This week, Donald Trump will mark his first hundred days as US President. It’s time to assess his impact on the world, especially the developing countries.
The apparent and surprisingly abrupt demise in Steve Bannon’s influence offers a major potential opening
for neoconservatives, many of whom opposed
Trump’s election precisely because of his association with Bannon and the “America Firsters,” to return to power after so many years of being relegated to the sidelines. Bannon’s decline suggest that he no longer wields the kind of veto power that prevented
the nomination of Elliott Abrams
as deputy secretary of state. Moreover, the administration’s ongoing failure to fill key posts at the undersecretary, assistant secretary, and deputy assistant secretary levels across the government’s foreign-policy apparatus provides a veritable cornucopia of opportunities for aspiring neocons who didn’t express their opposition to the Trump campaign too loudly.
It is in UN’s long-term interest to gradually reduce its dependence on US funding and undue influence, as proposed by former Swedish Prime Minister Olof Palme
Let us stop debating what newly-elected US President Trump is doing or might do and look at him in terms of historical importance. Put simply, Trump marks the end of an American cycle!
A new and deadly form of protectionism is being considered by Congress leaders and the President of the United States that could have devastating effect on the exports and investments of American trading partners, especially the developing countries.
The United States and most Western donors have traditionally exercised their financial clout to threaten developing nations who refuse to fall in line on critical UN voting either in the Security Council, the General Assembly or the Human Rights Council.
As Caricom countries struggle to move away from their traditional reliance on a single industry or major crop in the face of growing economic uncertainty worldwide, they are finding it increasingly difficult to enter markets in the EU and North America with new types of food products.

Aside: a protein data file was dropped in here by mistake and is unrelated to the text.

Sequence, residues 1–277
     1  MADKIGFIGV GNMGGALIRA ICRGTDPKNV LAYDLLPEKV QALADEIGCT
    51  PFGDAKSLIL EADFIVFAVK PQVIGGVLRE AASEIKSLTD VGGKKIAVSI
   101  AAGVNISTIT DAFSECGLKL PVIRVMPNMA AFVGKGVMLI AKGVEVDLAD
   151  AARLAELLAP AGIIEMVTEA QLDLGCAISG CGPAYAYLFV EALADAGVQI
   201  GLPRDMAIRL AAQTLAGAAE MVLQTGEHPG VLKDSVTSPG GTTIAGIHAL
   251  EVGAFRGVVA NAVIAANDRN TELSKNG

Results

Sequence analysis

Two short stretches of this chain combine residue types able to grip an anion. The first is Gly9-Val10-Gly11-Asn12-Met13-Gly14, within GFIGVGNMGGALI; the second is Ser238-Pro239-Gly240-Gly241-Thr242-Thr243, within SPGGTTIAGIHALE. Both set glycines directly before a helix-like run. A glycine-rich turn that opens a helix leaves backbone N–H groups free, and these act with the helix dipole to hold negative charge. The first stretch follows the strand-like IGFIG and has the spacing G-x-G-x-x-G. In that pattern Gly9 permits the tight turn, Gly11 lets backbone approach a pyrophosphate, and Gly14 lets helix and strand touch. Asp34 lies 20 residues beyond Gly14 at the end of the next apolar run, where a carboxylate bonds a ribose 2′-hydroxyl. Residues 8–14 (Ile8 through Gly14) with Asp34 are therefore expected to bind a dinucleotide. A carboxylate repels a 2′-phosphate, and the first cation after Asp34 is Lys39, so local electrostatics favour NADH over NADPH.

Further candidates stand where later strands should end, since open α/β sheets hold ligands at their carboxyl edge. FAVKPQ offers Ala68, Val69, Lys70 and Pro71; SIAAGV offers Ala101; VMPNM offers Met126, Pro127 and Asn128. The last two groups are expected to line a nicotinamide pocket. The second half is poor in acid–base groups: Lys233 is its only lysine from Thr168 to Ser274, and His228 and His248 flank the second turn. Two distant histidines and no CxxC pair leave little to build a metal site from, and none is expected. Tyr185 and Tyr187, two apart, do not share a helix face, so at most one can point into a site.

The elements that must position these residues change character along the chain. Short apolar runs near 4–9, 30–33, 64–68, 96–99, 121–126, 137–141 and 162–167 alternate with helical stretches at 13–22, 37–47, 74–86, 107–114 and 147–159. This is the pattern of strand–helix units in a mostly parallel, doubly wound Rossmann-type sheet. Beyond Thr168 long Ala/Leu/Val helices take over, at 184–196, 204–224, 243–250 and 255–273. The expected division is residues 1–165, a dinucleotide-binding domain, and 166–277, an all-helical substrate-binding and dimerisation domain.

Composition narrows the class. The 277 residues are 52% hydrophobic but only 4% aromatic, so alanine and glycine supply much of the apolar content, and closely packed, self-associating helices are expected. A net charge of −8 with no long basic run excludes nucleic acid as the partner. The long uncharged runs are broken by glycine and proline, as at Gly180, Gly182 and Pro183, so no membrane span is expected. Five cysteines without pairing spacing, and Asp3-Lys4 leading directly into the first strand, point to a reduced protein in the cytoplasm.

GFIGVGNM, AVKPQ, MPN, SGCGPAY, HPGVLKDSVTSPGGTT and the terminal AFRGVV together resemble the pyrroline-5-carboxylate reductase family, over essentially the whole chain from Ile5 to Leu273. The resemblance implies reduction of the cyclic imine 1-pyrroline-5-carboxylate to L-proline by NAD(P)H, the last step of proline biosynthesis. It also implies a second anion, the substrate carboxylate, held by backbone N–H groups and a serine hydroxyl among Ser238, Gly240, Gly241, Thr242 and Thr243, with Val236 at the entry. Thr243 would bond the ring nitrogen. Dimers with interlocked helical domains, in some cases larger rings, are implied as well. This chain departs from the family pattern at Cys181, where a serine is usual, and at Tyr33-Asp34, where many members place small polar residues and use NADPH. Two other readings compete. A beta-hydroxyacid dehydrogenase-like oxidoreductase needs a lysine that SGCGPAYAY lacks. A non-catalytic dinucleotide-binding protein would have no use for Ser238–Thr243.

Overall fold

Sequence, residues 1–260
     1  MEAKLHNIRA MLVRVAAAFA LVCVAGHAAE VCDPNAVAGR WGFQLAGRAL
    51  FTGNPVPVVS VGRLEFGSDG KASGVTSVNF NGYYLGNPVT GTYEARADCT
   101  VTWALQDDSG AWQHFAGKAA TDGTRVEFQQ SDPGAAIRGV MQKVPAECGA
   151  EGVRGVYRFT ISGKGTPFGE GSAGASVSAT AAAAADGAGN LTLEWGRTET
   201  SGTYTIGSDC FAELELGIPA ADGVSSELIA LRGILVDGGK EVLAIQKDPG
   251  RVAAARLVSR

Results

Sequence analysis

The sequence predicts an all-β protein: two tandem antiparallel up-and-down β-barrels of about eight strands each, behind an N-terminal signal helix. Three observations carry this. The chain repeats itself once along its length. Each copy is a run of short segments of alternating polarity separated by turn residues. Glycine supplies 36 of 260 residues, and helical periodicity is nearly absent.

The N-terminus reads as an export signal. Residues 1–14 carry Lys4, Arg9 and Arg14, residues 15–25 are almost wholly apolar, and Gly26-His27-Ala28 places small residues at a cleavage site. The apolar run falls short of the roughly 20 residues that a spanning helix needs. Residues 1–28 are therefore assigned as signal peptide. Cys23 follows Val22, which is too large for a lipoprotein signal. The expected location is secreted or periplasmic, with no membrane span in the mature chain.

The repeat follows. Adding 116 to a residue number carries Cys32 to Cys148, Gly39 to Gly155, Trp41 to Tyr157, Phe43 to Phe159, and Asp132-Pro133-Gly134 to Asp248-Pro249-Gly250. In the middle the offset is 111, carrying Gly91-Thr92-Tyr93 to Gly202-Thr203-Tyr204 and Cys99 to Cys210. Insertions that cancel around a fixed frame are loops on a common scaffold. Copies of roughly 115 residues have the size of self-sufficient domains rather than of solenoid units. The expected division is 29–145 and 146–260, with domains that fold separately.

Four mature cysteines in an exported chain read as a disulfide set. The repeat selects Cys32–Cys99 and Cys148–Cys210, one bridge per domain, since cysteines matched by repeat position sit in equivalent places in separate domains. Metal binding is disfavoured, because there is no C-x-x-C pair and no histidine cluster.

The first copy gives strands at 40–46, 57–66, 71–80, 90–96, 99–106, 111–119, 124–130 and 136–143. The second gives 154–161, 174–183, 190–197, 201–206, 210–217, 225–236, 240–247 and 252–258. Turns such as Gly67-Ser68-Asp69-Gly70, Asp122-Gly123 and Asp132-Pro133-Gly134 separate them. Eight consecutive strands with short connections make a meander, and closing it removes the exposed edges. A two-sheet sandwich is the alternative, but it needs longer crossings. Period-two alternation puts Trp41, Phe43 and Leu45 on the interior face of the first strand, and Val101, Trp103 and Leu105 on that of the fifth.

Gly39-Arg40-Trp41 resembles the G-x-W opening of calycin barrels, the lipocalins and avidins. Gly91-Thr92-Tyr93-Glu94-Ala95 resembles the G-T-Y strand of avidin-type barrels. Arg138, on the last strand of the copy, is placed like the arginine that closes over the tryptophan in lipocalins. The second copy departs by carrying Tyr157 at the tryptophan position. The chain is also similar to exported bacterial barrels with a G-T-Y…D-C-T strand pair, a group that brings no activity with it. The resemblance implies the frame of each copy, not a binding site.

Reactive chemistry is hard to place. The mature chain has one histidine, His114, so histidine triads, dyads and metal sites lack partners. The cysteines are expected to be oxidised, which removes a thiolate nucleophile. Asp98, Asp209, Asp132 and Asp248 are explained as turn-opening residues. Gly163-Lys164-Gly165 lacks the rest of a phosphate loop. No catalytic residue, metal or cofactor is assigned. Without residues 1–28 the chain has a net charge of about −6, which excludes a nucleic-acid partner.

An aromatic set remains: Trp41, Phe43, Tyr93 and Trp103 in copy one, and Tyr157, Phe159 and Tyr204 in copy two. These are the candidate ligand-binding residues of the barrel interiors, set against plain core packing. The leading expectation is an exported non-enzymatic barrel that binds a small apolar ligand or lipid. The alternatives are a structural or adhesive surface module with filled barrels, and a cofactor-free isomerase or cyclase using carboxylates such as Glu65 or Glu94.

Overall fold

New US President Donald Trump has long insisted that its major trading partners having been taking advantage of it. Changing these trade terms and conditions will thus be top priority for his administration, and central to overall Trump economic strategy to ‘Make America Great Again’.
Attacking the Affordable Care Act; the “global gag rule” against abortion; the federal regulation and hiring freeze; canceling the TPP; restarting the Keystone XL and Dakota Access Pipeline; limiting entry with the Mexican Wall; the 90-day travel ban on seven countries; more undocumented people prioritized for deportation; no federal funding for cities refusing to cooperate; communications blackout from federal agencies; Guantánamo torture continued–What does it add up to?
The gloves are off. With today’s Executive Order on “Protecting the Nation from Terrorist Attacks by Foreign Nationals,” President Donald J. Trump has declared war on Muslim refugees around the world.
His first days in office indicate that President Donald Trump intends to implement what he promised, with serious consequences for the future of the United Nations, trade, the environment and international cooperation, and developing countries will be most affected.
The most frightening commentary I’ve read in the run-up to the inauguration—and there have been many—appeared in a column identifying the four people whose foreign policy ideas were likely to be most influential with the then-president-elect. It was written by The Washington Post’s
Josh Rogin and entitled “Inside Trump’s Shadow National Security Council.”
The new political power of business magnate Donald Trump, who will be inaugurated Jan. 20 as the 45th President of the United States, will have ramifications for every global region, including the Pacific Islands.
Conventional farming and food production practices in this country are creating serious environmental and public health problems. Every day, an industrial farming system spinning out of control confronts all Americans with serious challenges. Among these are the explosion in toxic algae blooms in sensitive waterways, cancer-causing pesticides on foods
we feed our children, the rapid spread of antibiotic-resistant superbugs, and, of course, contaminated drinking water, all courtesy of corporate agribusiness.
Earl Hatley, a descendant of the Cherokee/Delaware tribe, has witnessed the consequences of using hydraulic fracturing or “fracking” on his native land to produce shale gas.